I’m looking at the incredible interior of the church of the Monastery of Mariannhill and realising why, despite its being years since last I was here, it had such a profound effect on me as a 16-year-old.
During my third year of high school I sang with a choir that recorded Franz Schubert’s mass no 2 in G standing within this sanctuary. It was one of the most intense experiences of my life. The sound we managed to evoke in this place of God was not only incredible, it was impressive and, as young people only beginning to form opinions and views on the world, I felt I had touched something within and without that I would endeavour to recreate again and again in my life.
Set in amongst sprawling hills Mariannhill lies in a densely green, intense landscape swept by forests and sheltered, leafy neighbourhoods outside Durban. Despite being close to the industrial parts of Westmead, the Monastery may as well lie centuries in the past. Enter its grounds and one is immediately transported out of the fast-paced world and constant nagging elements of modern society.
A trip to the gardens, tea and vegetable gardens and monastery is a haven for the soul. The old buildings, slowed pace and peaceful surrounds are without fail a balm to the soul, and one does not need to be here with religious intent to benefit. My experience producing a voice within a choir of incredibly talented young musicians was enough to establish the Mariannhill Monastery as a cherished memory.
Mariannhill Monastery was founded in 1882 by trappist Monks who created an impressive collection of architecture, craftsmanship and design. Trappist monks are a contemplative Roman Catholic religious order following the rule of St Benedict, and a branch of the Cistercians.
They speak only when necessary and idle talk is strongly discouraged – even meals are usually taken in contemplative silence whilst they listen to a reading. The silence is not a restriction however, but rather a wish to give space to what matters. There are thought to be around 170 trappist monasteries in the world, home to 2500 trappist monks and 1800 trappist nuns.
The cathedral is a play of light as rays of sun pierce stained glass windows and bounce from the ceilings filled with frescos. The interior invites a moment of two of silent contemplation, whatever your spiritual leaning. Set in the midst of this embellished simplicity is a garden where tables are artfully set in the shade of giant umkhulu trees.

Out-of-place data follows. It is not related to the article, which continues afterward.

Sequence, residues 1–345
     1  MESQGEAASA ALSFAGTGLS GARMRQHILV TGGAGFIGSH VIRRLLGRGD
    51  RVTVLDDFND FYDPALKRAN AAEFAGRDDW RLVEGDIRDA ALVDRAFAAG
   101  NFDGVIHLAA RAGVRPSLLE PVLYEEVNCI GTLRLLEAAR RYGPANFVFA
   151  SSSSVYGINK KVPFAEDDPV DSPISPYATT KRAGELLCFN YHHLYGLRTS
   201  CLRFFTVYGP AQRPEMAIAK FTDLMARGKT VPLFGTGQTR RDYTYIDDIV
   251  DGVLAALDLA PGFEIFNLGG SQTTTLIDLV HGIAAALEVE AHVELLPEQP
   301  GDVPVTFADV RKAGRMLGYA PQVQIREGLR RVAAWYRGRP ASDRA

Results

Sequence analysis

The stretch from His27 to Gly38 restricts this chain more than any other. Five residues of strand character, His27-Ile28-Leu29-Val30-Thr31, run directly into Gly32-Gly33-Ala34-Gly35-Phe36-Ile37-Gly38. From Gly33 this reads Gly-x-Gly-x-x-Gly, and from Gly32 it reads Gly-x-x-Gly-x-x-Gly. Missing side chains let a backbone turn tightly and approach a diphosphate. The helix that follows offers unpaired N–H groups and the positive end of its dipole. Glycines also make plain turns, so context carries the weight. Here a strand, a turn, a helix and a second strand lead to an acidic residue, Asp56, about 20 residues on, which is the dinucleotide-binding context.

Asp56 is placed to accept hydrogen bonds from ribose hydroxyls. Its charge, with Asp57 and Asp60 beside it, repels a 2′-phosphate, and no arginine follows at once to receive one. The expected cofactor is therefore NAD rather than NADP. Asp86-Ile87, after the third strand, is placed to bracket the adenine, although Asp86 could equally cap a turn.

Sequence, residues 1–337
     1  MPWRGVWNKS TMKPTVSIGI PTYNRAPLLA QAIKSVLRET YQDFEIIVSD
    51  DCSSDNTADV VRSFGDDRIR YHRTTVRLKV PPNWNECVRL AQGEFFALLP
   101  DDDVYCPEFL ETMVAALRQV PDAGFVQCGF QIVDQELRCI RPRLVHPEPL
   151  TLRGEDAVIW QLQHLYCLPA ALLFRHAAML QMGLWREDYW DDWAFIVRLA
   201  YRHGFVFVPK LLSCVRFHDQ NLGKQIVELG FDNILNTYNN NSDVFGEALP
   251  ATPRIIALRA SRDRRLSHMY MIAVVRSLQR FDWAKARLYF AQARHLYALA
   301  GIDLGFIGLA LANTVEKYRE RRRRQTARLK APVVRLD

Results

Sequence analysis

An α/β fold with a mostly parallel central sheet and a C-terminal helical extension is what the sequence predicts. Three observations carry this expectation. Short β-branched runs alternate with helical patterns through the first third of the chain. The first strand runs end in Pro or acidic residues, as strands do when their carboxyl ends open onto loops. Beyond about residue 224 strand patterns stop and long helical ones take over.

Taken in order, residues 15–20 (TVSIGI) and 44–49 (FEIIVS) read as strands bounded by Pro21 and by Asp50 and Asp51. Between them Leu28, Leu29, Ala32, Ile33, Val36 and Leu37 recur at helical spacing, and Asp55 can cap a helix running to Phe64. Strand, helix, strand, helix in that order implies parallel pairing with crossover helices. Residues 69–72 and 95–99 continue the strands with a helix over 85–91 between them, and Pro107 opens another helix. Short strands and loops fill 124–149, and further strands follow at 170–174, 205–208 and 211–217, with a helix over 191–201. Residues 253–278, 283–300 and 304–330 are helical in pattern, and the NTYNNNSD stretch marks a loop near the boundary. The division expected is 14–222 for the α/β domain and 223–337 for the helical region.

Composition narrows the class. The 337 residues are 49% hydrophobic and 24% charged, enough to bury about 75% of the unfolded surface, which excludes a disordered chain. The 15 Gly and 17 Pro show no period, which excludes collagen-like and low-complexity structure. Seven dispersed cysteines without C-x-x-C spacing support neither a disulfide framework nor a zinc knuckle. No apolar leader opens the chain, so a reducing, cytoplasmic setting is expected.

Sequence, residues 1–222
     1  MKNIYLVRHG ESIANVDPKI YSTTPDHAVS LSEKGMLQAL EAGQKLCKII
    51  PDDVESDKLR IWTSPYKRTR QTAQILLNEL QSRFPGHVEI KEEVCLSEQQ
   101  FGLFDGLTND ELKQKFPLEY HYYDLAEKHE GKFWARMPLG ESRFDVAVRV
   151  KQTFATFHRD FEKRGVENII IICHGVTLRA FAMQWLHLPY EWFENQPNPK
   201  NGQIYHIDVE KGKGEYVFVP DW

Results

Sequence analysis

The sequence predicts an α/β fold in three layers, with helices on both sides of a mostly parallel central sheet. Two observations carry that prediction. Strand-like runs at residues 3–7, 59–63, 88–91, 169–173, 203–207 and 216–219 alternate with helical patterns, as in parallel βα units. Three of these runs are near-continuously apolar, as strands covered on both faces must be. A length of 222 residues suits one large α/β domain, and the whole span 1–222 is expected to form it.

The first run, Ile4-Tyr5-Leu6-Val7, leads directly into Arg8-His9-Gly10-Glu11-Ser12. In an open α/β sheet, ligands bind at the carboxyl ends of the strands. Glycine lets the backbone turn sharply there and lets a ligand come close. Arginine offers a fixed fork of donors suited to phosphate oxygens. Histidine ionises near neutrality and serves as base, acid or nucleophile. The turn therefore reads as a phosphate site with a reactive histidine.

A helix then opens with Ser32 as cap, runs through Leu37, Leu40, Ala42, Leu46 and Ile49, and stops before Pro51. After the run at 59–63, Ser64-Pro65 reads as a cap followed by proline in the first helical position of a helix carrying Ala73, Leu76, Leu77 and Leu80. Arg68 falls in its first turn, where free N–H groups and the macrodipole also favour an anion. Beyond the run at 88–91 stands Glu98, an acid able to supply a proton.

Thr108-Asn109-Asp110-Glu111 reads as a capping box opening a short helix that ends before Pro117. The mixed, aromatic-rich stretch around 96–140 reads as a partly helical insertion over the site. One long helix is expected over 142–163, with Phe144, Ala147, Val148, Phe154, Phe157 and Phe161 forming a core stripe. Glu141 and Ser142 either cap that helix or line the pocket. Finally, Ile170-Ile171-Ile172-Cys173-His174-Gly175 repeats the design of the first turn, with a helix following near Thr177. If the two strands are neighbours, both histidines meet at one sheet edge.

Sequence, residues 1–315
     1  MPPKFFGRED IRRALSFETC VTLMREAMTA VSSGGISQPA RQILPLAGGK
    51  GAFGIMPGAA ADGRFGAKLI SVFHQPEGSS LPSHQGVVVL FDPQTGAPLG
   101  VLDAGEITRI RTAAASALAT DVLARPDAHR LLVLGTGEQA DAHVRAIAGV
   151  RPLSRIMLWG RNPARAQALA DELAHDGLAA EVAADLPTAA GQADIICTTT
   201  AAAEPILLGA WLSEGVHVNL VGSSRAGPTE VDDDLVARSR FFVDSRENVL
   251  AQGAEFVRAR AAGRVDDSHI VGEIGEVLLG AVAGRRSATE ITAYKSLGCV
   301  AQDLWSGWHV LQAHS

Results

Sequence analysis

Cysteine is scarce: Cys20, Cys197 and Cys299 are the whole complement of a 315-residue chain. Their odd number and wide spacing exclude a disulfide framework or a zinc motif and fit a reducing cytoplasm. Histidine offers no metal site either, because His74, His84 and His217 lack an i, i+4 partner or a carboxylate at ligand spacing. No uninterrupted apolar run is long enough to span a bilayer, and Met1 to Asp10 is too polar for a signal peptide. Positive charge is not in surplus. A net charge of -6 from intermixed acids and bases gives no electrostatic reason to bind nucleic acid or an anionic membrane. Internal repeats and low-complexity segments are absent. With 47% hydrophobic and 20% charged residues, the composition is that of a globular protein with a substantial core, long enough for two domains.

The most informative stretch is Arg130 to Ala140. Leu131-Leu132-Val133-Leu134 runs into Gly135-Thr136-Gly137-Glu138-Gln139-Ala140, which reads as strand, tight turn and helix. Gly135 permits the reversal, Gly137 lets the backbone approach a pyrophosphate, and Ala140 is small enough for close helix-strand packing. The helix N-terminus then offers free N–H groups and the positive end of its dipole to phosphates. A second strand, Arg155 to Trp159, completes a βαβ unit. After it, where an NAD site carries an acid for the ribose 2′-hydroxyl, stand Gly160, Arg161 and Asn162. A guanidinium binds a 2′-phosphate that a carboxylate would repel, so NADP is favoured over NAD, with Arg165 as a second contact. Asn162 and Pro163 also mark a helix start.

Every now and again there is the distant sound of Gregorian chants, practically inaudible, more of a suggestion than an intrusion that sets the tone of the garden and inspires those who visit here. It’s a perfect little piece of heaven in which one just happens to also get a good meal.
A range of enticing home-made food includes muffins, vegetarian meals or rye open sandwiches. Vegetables and salad comes from the vegetable garden, the rye bread is baked by the nuns at the Jabulani self-help scheme, who also produce plain brown bread for sale to the local community, and the milk and yogurt is from the monastery’s own dairy – actually two of them. The cheese is produced on the opposite side of the valley from the milk, by the Sisters of the Precious Blood. Both are produced organically and cows grace effortlessly on rather steep hills .
The Monastery Veggies and Herbs, run by a non-monk when last we were there, supplies fresh organic salad leaves and herbs not only to the tea garden at the monastery, but also to restaurants in and around Durban. There are also a series of workshops here where crafts, including candles, are produced.
The monastery has an interesting history. By all accounts Prior Franz Pfanner, who then became Abbot, and who led the order was incredibly strict and the vow of silence was held by all. But, as inevitably occurs when extremism is involved, an uprising led to his being suspended and a new order began that went on to establish missions stations around the country and the world. It was also very active in the fight against apartheid, particularly with regards to the Group Areas Act.
But it is the silence, the essential tranquillity that seems to be innate in every form and almost engulfs the surroundings, that makes Mariannhill monastery so incredible. There is a tour that includes lunch and many of the buildings – the beautiful private gardens, the cathedral, vestments, church, and the museum.
Whilst trite when reproduced in amongst this text perhaps, there is a line that captures the essence of the monastery, set in the heart of the tea garden – ‘You’re closer to God’s heart in a garden than any place else on earth’ that possibly describes the monastery best.